Interview With Dana Priest
Aired March 1, 2003 - 18:40 ET
THIS IS A RUSH TRANSCRIPT. THIS COPY MAY NOT BE IN ITS FINAL FORM AND MAY BE UPDATED.
CAROL LIN, CNN ANCHOR: Many people are questioning whether America's troops are being spread too thin. And it's a topic "Washington Post" reporter Dana Priest knows a lot about because she wrote her book primarily on that topic. It's called the mission. And Dana joins us now. Thank you very much, Dana, for being here tonight.
DANA PRIEST, "THE MISSION": My pleasure.
LIN: There's your book that we wanted to show folks. And I want to ask you and pick up on the Saudi Foreign Minister's point, how is it that 250,000 American troops are going to be able to maintain social order in a place that we know very little about. We don't' really know exactly what is going to happen in a post-war Iraq, or how people are going to be able to respond.
PRIEST: That's right. And that point was driven home this week by Deputy Defense Secretary Paul Wolfowitz who said, to the surprise of many people, that they don't even know what to expect. They don't know how many troops they might need. They don't know how much it will cost. The planning right now called for a general to be in charge, for it to be a military occupation in the short run and for them to turn it over to civilians as quickly as possible. Now, if you look at history, however, quickly as possible means that it doesn't get turned over to civilians.
If you look at Kosovo, our troops have been in there several years, and Bosnia, where they have been several years before. There usually is not really a civilian authority to turn the job over to. Even in Kosovo where everyone agrees that the United Nations is in charge, the United Nations doesn't have the manpower, doesn't have the efficiencies, doesn't have the resources that the American military does. And what that has usually meant is that the town's people who are depending on somebody to help them with humanitarian relief, and setting up a civil society, everything from schools to legal systems, turns to our military to do that. And they are not well trained in that sort of task.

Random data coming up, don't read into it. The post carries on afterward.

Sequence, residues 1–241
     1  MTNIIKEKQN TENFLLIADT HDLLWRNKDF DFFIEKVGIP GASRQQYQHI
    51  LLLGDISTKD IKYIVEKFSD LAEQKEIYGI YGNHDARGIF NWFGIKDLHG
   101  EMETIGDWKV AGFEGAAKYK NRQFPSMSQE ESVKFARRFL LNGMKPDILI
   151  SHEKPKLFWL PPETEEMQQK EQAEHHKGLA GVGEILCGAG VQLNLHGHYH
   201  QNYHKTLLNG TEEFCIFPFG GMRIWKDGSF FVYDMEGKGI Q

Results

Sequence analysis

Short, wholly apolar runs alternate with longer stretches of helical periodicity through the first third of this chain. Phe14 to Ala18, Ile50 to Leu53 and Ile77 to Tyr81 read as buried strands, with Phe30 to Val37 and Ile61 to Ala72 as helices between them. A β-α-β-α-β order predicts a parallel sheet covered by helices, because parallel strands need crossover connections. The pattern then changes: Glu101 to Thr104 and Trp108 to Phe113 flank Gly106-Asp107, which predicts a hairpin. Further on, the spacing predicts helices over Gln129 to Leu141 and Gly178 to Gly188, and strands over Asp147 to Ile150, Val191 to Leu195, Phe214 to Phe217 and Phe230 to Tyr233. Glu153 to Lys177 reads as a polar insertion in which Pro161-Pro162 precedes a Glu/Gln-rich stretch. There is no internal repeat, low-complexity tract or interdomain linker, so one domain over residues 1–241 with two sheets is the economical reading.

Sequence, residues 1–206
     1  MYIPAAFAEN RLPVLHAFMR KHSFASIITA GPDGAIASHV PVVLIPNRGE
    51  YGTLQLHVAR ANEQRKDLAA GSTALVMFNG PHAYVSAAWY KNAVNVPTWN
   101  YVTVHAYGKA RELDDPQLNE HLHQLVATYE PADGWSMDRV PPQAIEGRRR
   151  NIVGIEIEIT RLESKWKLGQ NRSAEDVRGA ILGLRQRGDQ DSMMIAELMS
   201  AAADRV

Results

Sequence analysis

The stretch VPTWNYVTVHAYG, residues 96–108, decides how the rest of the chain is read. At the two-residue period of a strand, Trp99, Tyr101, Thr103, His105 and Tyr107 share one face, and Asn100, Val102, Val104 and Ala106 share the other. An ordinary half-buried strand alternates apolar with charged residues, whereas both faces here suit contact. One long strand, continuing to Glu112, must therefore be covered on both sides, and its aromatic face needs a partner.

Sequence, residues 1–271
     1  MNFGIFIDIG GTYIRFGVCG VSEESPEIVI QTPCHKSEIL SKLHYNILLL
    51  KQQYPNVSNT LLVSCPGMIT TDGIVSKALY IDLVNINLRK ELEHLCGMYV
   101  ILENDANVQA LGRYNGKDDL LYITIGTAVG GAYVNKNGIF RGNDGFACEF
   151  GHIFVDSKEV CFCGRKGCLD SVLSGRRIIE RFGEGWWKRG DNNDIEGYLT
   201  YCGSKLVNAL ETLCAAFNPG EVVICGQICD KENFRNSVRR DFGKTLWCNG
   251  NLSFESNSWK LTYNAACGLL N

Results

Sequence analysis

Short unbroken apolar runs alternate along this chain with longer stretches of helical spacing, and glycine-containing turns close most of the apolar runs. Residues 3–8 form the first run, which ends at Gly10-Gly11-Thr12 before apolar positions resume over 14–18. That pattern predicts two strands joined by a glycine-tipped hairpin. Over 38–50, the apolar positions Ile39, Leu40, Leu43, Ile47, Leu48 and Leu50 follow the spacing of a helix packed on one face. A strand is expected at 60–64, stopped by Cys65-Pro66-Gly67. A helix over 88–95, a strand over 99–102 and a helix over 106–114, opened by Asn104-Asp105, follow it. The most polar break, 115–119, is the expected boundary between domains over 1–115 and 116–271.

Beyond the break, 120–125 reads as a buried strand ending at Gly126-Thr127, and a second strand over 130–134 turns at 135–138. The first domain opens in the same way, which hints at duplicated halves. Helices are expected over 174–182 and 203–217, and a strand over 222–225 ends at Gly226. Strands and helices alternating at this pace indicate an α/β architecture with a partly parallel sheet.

LIN: Well, exactly, because militaries are trained to fight wars. They are not trained to build societies, and really not much has changed since Somalia, actually, when the military first started trying to impose social order on a country.
PRIEST: Well, you're right, after the Cold War ended and the Clinton administration turned more and more to the military to do these sorts of nation building things. The army, in particular, went kicking and screaming into the mission. But it eventually accepted it, more or less. However, it does some training of its troops, but it's rather spotty. It doesn't still consider it the core of its mission. And as a result, you are really sending in, in the most part, 22-year-old fresh-faced infantrymen to try to figure out what to do in situations that they have never been trained for.
LIN: So, Dana ...
PRIEST: Solving this ...
LIN: I'm sorry -- let me interrupt you here, because we are a little bit short on time, and I want to at least get your thoughts on where this is likely to go if there is a war with Iraq, if there is a post-war regime with the U.S. military. Is there a model out there that we can look at? Will it look like Afghanistan, for example?
PRIEST: Afghanistan is not at all what the president said. There are not as many troops out there as he committed himself to. As a result, the civilians have too afraid to leave Kabul for their own safety. If you use that model, then you can be sure that Iraq will be in great distress for many years, and people out in the countryside will not have the security that they'll need to stop sort of fighting, (UNINTELLIGIBLE) fighting that people expect.
On the other hand, if they want a secure place, they are going to have to send tens of thousands. The chief of the army said several hundred thousands of American troops out into Iraq. And that will mean that they will be there for many years. That will greatly tax the army, which only has 10 divisions. And this could take two to three every year.
LIN: Dana, I wish we had more time. Thank you for joining us today. Dana Priest, the author of "The Mission."
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